I once had a woman who came to me for spiritual direction who was, she said, unable to pray to God. “God doesn’t listen to me,” she complained, “so why should I bother anymore?”

She then launched into a 15 minute story about her teen-aged daughter who was giving her lots of problems. She had been running with a fast crowd, smoking, drinking and, she feared, she was probably pregnant. She had run away from home and, after two very frightening days, was discovered living in the next state with her older sister.

As she spoke, I could empathize with her turmoil. Clearly, she was worried. She was also angry, but she was also frightened for her daughter. But there was something more. Something I couldn’t quite put my finger on.

As she finished her story she said, “So, no matter how hard I pray to God, God doesn’t answer my prayers. My daughter still keeps on doing what she is doing – ruining her life, her reputation, and that of her whole family.”

I looked at her and said something like, “Right.”

The woman looked at me, astonished. Clearly, I hadn’t been listening to her. She took a breath and then launched into another 15 minute exact version of the same sad tale of woe.

When she finished, I looked at her again and I said, “Right.” The woman looked at me again, but this time, she broke out into a smile of recognition.

“Well,” she said, I guess I’d have to admit that I was a bit of a hellion at her age, too.”

“Really?” I said.

“Yes, and look at me now. I guess I’m doing okay.”

“Yes,” I said, “I guess you are.”

“And, I suppose,” she said, “She’ll turn out okay too. I suppose she ran away because she couldn’t stand all the shaming and blaming I was doing. That’s different from making her keep the rules. I can do that without all the yelling and screaming. I just have to keep loving her, right?”

“Right,” I said, “just the way God loves you. And,” I added, “hears your prayer.”

“Right,” she said, “the way God heard my mother’s prayer for me.”

The cycle of shame and blame is a difficult one to break. That’s the dark underside of the dynamic of the underdog. The impulse that leads us to cheer on the underdog is the one of recognition.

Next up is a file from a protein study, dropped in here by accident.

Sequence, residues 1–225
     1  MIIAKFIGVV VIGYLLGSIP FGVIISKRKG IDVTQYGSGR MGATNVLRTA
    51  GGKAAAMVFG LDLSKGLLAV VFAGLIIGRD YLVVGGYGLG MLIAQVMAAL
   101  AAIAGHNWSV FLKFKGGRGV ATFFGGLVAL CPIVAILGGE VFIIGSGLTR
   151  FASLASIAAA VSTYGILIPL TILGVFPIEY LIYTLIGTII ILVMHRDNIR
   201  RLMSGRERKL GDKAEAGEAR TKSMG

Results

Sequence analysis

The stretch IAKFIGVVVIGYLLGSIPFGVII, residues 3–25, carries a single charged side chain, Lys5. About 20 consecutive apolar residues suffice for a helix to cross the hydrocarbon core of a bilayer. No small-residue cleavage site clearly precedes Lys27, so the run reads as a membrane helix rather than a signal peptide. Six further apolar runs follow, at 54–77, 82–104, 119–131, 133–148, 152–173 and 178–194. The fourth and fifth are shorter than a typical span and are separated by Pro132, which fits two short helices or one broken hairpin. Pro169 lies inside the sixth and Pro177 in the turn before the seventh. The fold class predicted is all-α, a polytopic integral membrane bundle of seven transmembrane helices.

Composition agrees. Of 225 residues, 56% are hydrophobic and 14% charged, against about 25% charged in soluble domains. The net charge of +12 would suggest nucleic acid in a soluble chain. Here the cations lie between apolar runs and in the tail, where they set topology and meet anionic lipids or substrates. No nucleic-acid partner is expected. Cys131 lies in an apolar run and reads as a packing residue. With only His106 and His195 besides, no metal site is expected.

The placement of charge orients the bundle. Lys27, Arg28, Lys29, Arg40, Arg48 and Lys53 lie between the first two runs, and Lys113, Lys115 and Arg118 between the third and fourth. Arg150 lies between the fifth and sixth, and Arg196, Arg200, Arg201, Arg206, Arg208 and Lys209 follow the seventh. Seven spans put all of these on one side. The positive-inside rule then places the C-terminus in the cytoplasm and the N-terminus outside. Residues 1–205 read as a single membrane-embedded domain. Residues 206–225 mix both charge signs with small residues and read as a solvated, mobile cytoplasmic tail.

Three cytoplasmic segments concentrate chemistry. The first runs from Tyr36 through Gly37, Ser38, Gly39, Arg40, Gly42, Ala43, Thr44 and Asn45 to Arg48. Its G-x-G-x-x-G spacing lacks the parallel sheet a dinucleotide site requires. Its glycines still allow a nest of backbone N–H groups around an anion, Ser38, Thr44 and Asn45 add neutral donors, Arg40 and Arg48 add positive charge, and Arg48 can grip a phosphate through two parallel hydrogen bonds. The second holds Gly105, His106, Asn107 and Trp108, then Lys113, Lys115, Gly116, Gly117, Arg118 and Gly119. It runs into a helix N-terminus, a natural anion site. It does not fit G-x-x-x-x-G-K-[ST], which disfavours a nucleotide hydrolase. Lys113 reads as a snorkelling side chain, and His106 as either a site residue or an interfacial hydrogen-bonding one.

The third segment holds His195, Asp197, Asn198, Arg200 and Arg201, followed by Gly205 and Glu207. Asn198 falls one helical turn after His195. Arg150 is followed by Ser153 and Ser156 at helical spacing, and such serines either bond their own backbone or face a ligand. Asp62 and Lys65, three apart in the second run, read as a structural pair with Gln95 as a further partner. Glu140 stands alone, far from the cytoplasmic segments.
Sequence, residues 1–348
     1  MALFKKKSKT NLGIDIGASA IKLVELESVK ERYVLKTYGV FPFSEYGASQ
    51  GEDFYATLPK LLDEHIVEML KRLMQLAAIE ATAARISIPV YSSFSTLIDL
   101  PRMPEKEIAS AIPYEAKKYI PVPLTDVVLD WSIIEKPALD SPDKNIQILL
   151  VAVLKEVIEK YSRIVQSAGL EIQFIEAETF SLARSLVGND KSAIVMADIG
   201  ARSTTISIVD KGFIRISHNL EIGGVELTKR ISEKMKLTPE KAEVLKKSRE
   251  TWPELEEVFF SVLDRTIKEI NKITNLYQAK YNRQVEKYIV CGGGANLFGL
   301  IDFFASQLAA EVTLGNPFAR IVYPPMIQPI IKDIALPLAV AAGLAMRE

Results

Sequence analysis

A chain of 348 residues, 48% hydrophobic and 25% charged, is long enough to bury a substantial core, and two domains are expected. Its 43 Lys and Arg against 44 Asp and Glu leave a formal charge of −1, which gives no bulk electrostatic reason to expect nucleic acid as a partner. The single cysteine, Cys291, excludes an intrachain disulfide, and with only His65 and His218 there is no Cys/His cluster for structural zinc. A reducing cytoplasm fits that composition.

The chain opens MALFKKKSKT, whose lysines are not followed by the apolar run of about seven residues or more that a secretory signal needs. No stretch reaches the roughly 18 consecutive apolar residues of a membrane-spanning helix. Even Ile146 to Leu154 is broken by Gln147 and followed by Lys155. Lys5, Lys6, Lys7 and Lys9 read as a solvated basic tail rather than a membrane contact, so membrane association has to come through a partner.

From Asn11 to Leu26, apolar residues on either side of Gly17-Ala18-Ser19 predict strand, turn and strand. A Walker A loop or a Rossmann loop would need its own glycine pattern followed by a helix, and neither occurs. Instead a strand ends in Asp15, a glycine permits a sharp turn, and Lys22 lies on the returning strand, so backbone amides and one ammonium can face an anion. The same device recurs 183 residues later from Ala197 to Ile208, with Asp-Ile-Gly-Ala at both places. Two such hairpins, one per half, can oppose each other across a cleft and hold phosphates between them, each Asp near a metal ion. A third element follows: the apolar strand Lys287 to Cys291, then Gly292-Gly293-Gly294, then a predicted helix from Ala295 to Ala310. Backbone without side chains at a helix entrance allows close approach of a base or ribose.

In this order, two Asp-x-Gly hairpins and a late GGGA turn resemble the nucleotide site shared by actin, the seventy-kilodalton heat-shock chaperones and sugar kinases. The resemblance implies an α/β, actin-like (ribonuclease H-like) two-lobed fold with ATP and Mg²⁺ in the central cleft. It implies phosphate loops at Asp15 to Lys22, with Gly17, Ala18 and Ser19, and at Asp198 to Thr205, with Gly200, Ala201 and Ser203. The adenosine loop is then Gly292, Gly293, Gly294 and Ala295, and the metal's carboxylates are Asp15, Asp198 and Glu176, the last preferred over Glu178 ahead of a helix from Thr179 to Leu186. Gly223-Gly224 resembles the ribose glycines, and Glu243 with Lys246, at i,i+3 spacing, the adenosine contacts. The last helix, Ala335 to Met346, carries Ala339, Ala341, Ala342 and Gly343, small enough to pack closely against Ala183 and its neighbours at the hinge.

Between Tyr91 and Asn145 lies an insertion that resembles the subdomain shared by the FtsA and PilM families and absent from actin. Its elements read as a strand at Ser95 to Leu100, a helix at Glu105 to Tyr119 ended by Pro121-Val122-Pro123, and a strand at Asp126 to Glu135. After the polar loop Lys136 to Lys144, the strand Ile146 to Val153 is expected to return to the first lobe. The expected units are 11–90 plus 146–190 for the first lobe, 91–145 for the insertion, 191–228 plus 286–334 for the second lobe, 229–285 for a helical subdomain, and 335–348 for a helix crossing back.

We’ve all been there – in second place. Some of us have been in last place. We know what it feels like, so when we see the underdog getting a chance to show her ‘real stuff’ we cheer.

But, when we see our failures reflected in others, we can also be the harshest judge, the cruelest adjudicator of the law. Shame always travels with its companion ‘blame.’ We need to find scapegoats to carry the burden of our blame. When the underdog wins, we are often the very ones to cheer the loudest.

I think we come near Jacob’s well whenever we meet people where they are on their journey, just as God came to Jacob who was changed and transformed after struggling with an angel.

I think we offer living water of hope and transformation when we are fully present to others in the midst of their pain and confusion, their shame and need to blame, which often comes out as sass and indifference. That’s what Jesus did with the Woman at the Well.

We are in the Season of Lent where, it is promised, the underdog shall win. We know how the story ends. The stone that the builders had rejected will become the cornerstone.

So, if this Season of Lent isn’t going exactly as you had planned, if you have already broken your Lenten Discipline, take heart. God knows your weakness and, you know what? God loves you anyway.

God loved the Samaritan woman enough to send her to Jacob’s well in the heat of the day to meet someone who would change her life forever and elevate her status from underdog to the first woman evangelist. God can use your flaws to God’s glory, too.

God works through our pain and our shame, not to place blame, but to transform hearts.

I believe this to be true.

Then again, I’m from Boston. I know there’s always next year.

1 comment:

FranIAm said...

"God works through our pain and our shame, not to place blame, but to transform hearts. "

So well said, amen amen.

This is one of my favorite Gospels. Your words touched my heart.

There is example upon example of God using the outsider, the disenfranchised, the underdog as you say, to reveal transformation and this is one of the most profound.

Thank you.